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From the staff of the Tampa Bay Times

Romney camp predicted early/absentee Fla lead by election day. So far Dems lead by 76k



UPDATE: Doster clarifies his comments at the bottom of this post.

The problem with bold predictions is that they're often wrong. Two weeks ago, the Mitt Romney Florida campaign predicted to Bloomberg that  Republicans would head into election day leading Democrats in early and absentee votes already cast:

...Brett Doster, a Romney campaign consultant in Florida, said Democrats voting by mail likely are the ones who otherwise would have voted early in person. Republican voters still will cast more ballots in Florida before election day polls open, he said. “I’m confident we’re going to have that advantage,” Doster said...

Whether Democrats are building enough of a lead in early votes to win Florida is entirely uncertain. But it's ighly unlikely Republicans will be ahead when the polls open Nov. 6. The latest numbers crunched from Marc Caputo:

About 3.5 million Floridians have already cast absentee and in-person early voting and Democrats have an edge of about 76,000 ballots cast so far.
Expect that to continue to grow over the next two days of in-person early voting, which Democrats dominate, especially in South Florida, which is why the GOP Legislature and Gov. Rick Scott effectively shortened early voting days. Democrats have rolled up a 156,000 early vote edge while Republicans lead in absentee ballots case by about 80,000. If every Democrat and Republican who requested an absentee ballot voted it, the GOP absentee-ballot lead would be cut by half.
Most polls show Mitt Romney's winning, and Republicans note that Democrats won't have the early vote advantage they had in 2008 (when they led by anywhere from 250,000 to 363,000 ballots, depending on how you analyze the data).
Well, shortening early voting days from 14 to eight will, by definition, help shorten the number of early votes. Understand also that, relative to the actual early voting hours available in South Florida in 2008, early voting time has been cut 20 percent, or 24 total hours. And South Florida favors President Obama the most.
However, Democrats are barely matching their raw early vote numbers compared to four years ago. So there's an enthusiasm gap relative to 2008 as well.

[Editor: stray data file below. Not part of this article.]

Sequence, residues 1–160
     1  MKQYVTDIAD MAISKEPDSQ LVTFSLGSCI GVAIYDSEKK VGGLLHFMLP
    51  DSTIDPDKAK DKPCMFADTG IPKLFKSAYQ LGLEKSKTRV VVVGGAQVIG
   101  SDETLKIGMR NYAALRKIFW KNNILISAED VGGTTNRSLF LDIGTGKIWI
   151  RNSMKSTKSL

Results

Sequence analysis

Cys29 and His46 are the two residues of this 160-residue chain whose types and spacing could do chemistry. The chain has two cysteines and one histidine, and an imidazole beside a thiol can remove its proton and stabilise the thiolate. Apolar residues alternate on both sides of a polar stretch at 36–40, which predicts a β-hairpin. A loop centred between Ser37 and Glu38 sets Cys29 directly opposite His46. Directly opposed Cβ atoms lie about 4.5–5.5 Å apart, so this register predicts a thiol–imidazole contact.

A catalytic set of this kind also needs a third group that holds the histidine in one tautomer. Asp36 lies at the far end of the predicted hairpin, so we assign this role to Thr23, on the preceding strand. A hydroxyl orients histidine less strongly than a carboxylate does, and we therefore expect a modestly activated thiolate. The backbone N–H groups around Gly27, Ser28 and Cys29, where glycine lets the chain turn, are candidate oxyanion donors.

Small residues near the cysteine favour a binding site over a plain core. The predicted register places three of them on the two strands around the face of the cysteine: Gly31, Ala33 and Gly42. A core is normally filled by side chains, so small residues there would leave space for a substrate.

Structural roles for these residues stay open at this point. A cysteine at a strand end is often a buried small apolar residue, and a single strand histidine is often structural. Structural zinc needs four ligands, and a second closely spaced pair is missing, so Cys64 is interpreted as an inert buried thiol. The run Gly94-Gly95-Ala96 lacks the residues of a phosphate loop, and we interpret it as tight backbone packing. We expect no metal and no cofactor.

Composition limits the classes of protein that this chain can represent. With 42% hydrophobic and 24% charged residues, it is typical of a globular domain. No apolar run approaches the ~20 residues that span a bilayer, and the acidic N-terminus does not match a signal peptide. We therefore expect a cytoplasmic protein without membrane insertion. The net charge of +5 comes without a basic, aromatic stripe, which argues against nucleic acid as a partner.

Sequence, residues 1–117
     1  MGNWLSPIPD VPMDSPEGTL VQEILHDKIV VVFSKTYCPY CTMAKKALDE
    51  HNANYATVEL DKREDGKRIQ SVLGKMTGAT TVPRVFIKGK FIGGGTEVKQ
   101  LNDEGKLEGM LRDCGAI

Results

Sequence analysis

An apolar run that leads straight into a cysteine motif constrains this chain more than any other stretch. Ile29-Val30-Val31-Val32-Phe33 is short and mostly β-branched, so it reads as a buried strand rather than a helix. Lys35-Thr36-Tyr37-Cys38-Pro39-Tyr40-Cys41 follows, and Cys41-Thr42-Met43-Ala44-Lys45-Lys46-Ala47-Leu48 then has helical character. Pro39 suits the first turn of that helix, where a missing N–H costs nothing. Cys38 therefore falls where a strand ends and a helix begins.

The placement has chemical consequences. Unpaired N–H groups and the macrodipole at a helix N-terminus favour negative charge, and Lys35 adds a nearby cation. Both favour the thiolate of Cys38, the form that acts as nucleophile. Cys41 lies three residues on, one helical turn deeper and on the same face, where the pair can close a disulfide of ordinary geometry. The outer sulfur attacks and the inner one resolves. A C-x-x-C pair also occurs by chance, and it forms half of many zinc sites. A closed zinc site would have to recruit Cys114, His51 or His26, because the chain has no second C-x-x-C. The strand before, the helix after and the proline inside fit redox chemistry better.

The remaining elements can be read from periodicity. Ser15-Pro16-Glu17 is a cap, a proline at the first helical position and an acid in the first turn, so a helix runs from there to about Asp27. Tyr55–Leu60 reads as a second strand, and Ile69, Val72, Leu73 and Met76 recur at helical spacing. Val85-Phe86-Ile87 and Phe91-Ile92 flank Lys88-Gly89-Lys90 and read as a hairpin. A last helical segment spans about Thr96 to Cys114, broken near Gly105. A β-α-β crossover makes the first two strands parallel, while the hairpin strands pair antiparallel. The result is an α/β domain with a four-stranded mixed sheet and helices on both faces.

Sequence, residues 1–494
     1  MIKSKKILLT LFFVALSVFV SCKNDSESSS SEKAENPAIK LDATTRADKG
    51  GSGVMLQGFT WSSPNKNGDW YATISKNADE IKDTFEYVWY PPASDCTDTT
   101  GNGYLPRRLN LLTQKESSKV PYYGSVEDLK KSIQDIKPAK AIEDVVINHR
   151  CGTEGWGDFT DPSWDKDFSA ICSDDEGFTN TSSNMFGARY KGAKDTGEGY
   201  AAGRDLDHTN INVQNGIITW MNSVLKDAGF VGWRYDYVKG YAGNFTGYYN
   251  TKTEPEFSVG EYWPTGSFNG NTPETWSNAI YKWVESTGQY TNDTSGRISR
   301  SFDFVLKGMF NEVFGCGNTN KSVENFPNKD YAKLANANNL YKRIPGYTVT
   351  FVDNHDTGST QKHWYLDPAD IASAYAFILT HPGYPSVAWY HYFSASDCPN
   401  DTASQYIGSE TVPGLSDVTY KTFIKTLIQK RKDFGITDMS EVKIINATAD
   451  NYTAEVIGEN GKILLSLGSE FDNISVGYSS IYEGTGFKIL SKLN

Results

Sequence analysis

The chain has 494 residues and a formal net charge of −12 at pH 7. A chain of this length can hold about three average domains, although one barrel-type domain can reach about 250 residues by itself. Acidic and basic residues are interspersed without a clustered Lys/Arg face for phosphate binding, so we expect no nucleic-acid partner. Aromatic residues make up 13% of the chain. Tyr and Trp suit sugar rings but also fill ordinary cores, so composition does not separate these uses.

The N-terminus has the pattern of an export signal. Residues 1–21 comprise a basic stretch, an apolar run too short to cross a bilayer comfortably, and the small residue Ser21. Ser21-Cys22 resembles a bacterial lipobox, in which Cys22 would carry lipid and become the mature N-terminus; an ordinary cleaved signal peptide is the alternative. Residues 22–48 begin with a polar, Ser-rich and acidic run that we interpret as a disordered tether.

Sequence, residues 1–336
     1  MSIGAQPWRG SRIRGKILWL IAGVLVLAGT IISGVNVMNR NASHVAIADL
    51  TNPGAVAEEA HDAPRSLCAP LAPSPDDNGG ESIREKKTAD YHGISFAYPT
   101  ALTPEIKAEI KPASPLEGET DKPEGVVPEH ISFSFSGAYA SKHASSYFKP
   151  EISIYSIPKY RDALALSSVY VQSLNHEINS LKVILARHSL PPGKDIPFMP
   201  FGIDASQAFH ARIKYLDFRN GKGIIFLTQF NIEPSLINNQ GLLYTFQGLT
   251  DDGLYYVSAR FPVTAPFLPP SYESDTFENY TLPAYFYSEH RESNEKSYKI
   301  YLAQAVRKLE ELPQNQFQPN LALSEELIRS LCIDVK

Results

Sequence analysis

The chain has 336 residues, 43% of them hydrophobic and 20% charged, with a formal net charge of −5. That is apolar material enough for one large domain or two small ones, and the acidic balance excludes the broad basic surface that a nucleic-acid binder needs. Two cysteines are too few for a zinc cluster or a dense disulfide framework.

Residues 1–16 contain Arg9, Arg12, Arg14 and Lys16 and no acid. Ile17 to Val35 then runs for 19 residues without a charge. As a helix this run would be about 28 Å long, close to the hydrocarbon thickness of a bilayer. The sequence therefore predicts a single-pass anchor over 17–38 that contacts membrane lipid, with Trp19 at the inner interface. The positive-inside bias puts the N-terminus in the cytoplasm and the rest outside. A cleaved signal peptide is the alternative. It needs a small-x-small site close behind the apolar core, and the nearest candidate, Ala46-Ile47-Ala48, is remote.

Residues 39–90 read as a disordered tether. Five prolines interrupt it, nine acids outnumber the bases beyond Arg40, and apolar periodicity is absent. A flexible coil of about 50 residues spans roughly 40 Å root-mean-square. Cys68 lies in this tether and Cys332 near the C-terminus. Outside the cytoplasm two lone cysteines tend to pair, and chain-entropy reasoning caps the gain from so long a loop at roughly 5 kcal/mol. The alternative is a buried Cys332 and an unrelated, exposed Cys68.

Democrats also point out that Republicans have been talking a better game than they've produced on the ground. Republicans predicted they'd be up in early ballots cast on Election Day. It's pretty clear they won't be. The Democratic total vote margin increases with each day of early voting.
So what happens on Election Day? May the best ground game win.
Early votes
Party         EV Total           %
DEM        770,892 46%
REP        614,988 37%
IND        286,988 17%
Total      1,672,868

UPDATE: Doster says he was taken out of context in that Bloomberg piece and was only talking about absentee ballots: " I (said) that although Dems had increased their overall requests, we were still going to have the advantage on absentees returned. And in fact we do. We are up more than 70,000. I will also add that although the Dems do and should have the advantage on overall AB/EV combined, they are off their 2008 mark by about 70%. Intensity is on our side, and we will win next Tuesday."

Absentee votes
Party        AB Total             %
REP        781,043 44%
DEM        700,970 39%
IND        308,646 17%
Total      1,790,659

Cumulative EVAB
Party           EVAB           %
DEM      1,471,862 42%
REP      1,396,031 40%
IND        595,634 17%
Total      3,463,527

Outstanding absentee ballots:
Party    Outstanding           %
REP        362,920 36%
DEM        406,634 41%
IND        230,042 23%
Total        999,596

[Last modified: Friday, November 2, 2012 3:43pm]


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